In a matter of weeks, the coronavirus crisis has triggered indelible shifts in the way America works.
The big picture: The pandemic is accelerating the onset of new trends in work — toward telecommuting, new office layouts and a different work-life balance. And we’re already seeing signs that these effects will outlast the crisis.
Teleworking has taken over. Many of us are entering the second full month of working from home — and growing steadily accustomed to that lifestyle. “Remote work has gone from an HR-level discussion to a C-suite-level discussion,” says Prithwiraj Choudhury, a professor at Harvard Business School.
- Before the pandemic, less than 4% of American employees worked from home full time.
- That has jumped to more than half, per Brookings. Among the top 20% of earners — who are more likely to have desk jobs that can be done from anywhere — that share is closer to 70%.
- Not all of those people will immediately — or ever — go back to their offices when states reopen.
- With many companies directing employees to work from home for the rest of the summer (or longer), lots of people are leaving urban hotspots, where coronavirus cases are concentrated, Axios' Kim Hart reports. If the trend sticks, it will start to reverse a century-long move toward urbanization.
- “Remote work is going to increase dramatically” after the crisis abates, says Isabel Sawhill of the Brookings Institution. “There’s a demonstration effect that this current crisis is producing: It’s showing that work can be done from home.”
Families are changing. Suddenly, Americans are doing their jobs, schooling their children and spending family time in the same space. Despite the inevitable tensions, these months of togetherness could strengthen family ties for years to come.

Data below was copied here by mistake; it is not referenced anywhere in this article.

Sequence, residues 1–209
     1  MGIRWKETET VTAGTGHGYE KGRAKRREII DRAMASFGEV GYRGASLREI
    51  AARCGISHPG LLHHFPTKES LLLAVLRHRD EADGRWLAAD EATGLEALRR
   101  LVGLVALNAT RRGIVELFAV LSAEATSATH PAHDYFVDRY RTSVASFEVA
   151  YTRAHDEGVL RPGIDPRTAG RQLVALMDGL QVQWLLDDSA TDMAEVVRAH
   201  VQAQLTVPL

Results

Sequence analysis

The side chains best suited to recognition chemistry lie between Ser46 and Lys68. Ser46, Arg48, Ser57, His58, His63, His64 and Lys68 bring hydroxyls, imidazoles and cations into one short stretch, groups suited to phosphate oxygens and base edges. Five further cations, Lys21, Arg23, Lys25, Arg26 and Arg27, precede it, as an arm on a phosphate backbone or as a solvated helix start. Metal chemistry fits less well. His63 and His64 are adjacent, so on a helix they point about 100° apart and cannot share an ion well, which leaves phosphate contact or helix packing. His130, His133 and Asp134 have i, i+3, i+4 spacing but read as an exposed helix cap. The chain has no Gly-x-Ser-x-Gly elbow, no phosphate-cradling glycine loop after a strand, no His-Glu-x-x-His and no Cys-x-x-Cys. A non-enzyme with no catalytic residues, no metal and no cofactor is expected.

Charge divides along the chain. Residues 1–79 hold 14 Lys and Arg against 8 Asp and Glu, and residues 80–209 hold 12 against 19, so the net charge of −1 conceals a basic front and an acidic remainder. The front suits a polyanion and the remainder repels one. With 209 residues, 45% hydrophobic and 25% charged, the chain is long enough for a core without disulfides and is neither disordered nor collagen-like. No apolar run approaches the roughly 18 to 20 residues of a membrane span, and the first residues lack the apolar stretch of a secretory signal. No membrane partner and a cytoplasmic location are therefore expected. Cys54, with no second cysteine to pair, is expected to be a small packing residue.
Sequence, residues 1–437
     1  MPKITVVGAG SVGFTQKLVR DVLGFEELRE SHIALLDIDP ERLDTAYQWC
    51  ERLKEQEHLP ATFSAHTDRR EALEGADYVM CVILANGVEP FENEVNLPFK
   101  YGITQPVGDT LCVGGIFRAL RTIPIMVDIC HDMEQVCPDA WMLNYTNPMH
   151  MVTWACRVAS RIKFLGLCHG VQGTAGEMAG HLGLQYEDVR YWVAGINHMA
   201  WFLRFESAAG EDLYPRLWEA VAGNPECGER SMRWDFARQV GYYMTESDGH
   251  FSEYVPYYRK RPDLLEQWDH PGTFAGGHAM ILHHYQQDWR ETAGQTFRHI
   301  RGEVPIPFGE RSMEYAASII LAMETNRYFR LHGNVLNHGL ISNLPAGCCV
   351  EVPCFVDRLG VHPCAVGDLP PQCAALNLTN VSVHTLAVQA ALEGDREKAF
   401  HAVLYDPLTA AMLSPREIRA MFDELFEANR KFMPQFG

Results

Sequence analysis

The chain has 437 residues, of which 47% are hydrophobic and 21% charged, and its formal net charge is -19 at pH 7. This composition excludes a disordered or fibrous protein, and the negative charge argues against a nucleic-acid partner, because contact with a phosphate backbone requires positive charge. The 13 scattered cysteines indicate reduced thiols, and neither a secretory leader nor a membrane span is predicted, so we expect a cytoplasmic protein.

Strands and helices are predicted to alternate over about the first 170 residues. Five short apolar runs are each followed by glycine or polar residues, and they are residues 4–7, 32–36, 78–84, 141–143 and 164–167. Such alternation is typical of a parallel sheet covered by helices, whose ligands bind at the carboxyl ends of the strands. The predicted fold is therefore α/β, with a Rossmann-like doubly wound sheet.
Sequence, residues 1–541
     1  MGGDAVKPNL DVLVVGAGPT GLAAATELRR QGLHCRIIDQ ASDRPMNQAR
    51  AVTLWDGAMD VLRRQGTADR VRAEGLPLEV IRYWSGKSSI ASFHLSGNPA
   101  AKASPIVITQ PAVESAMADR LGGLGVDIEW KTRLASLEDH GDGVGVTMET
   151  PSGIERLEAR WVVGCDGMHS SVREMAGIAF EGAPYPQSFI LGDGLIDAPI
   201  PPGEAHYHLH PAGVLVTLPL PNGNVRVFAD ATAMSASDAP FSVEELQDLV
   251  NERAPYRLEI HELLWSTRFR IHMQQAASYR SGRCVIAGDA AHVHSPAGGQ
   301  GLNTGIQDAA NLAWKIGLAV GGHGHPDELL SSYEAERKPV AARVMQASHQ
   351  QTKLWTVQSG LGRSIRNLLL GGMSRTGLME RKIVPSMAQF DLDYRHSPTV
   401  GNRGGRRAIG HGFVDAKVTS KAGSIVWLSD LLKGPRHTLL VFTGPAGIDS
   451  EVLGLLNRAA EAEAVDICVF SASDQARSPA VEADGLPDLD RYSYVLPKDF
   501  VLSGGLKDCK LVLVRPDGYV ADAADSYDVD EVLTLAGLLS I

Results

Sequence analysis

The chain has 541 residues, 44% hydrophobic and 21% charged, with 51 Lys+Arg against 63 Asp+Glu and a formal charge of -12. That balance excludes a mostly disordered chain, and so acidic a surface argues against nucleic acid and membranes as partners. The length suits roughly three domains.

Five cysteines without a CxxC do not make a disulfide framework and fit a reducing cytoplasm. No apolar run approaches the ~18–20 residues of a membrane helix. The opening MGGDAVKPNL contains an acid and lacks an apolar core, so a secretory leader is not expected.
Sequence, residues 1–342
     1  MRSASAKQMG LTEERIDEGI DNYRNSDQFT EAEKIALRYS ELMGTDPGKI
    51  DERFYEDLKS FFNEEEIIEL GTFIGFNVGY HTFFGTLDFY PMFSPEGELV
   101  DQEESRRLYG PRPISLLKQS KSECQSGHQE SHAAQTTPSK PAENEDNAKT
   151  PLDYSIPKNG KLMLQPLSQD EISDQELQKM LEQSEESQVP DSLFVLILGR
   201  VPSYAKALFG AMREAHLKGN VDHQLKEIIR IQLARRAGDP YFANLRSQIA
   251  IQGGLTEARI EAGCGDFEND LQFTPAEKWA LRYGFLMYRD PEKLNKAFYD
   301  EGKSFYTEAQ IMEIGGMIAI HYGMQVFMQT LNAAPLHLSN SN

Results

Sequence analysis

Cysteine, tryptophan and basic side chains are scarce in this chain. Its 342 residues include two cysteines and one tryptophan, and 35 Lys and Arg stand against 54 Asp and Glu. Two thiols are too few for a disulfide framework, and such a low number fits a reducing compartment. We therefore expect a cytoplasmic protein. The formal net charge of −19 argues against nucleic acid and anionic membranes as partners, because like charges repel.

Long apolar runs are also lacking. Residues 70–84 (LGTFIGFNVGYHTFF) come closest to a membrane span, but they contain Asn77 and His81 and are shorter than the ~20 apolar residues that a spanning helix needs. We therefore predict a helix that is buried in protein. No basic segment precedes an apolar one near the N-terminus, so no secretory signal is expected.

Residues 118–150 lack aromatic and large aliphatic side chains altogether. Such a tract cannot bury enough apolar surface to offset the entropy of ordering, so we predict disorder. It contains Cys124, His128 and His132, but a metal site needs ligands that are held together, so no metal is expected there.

- Several families tell Axios they plan to cook more meals at home or do more arts and crafts with kids after the pandemic — incorporating crisis-era practices into normal life.
- On the other hand, many working parents are more exhausted than ever now that they have no break from either set of responsibilities — and no clear end in sight.
Workspaces are transforming. The offices that workers eventually return to won't look like the ones they left in March.
- Tightly packed conference rooms and co-working spaces will — at least temporarily — give way to spread-out office layouts that allow for social distancing.
- And as more Americans work remotely, look for homebuilders to give extra thought to the home office (which could have the added perk, under some circumstances, of being tax deductible).
The bottom line: It's still too early to gauge the extent of the coronavirus' impact on work, but the changes it's already creating have implications for everything from how we conduct meetings with colleagues to how we file income taxes to the nature of our lunch breaks.
- Says Sawhill: "Humans are creatures of habit, and right now we’re forming new habits."